We have no policy to delay refunds – Sars

2017-11-24 13:52

After publishing an article about a taxpayer who was hounded by the SA Revenue Service (Sars) for 49c, as well as about increased tax audits being conducted and delays in refunds, City Press was inundated with SMSes from readers – adding to complaints by the public against Sars.

Gripes included a lack of response from Sars to queries, payment demands despite documents having been submitted, delays in refund payments and Sars taking up to 90 days to finalise audits.

City Press sent the list of complaints to Sars for comment and spoke to group executive Mark Kingon to get answers.

Kingon agrees that Sars can always improve its response rate, but says despite the perception of an increase in audits and a delay in paying refunds, the figures show otherwise.

To date, Sars has paid out R2 billion more in personal income tax refunds compared with this time last year, and less than 21% of tax returns submitted are audited.

This includes returns where taxpayers either owe money to Sars or have a refund due.

Credit returns submitted account for 72% of all returns submitted, and of all credit returns, only 22.8% are alerted for an audit. This implies that 77.2% of all refunds have no audit intervention.

Kingon says there is no system within Sars that automatically flags a return for audit if a refund is due.

However, Sars continuously updates and adjusts its risk assessments to identify fraud and ensure tax compliance.

“Irrespective of what pressure there is to collect tax, it does not affect our processes. We are continuously improving our fraud and risk measures. Every year, we look at what the risks are and how to tighten our risk process.”

Kingon says Sars is like one giant bank which pays out billions of rands in refunds, making it vulnerable to fraud.

“Currently, we have about 300 cases for investigation in addition to standard risk processes where taxpayers blatantly try to defraud the fiscus with fraudulent deduction claims for retirement annuities (RAs) and medical contributions.”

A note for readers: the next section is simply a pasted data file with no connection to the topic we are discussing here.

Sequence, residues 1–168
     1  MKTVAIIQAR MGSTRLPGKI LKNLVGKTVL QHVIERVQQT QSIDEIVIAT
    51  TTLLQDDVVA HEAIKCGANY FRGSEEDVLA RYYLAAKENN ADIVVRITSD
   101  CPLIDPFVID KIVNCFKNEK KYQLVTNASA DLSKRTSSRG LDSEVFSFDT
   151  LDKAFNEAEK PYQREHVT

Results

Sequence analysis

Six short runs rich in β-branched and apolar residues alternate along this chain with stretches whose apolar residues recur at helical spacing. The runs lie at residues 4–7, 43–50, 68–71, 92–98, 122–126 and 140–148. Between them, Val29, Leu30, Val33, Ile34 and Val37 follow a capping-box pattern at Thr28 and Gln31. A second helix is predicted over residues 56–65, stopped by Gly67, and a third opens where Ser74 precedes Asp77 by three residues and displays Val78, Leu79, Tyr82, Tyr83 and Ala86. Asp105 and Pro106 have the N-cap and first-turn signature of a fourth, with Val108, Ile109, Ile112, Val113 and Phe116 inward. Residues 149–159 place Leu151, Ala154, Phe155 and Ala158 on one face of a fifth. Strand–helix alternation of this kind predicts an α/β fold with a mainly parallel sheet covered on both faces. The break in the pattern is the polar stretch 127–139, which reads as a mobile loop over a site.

It seems that RA contributions and medical expenses are being scrutinised by Sars.

Carry-over in terms of RA contributions requires verification. Carry-over of retirement contributions have received specific focus because of retirement reforms, whereby individuals can now contribute 27.5% of their salary to a retirement fund and obtain a tax deduction.

This is up from 15% previously.

If, in the previous year, you contributed more than 15% to your RA fund, the carry-over is allowed in the following year in order to benefit fully from the tax deduction.

In the case of medical expenses, Sars experiences a high level of fraud and will inevitably require additional documentation.

Kingon maintains that if people are receiving refunds and being audited, this is more a coincidence than a strategy.

“People perceive that we artificially withhold refunds. I doubt that anyone is purposely withholding refunds. We do not want that extra work; we have enough on our plate.”

Kingon says good risk management will require a taxpayer to be automatically audited every three years, but Sars does not have the capacity to audit that frequently.

Currently, Sars identifies certain risk areas and does random audits to prevent people who may have worked out which risk processes Sars uses from exploiting this.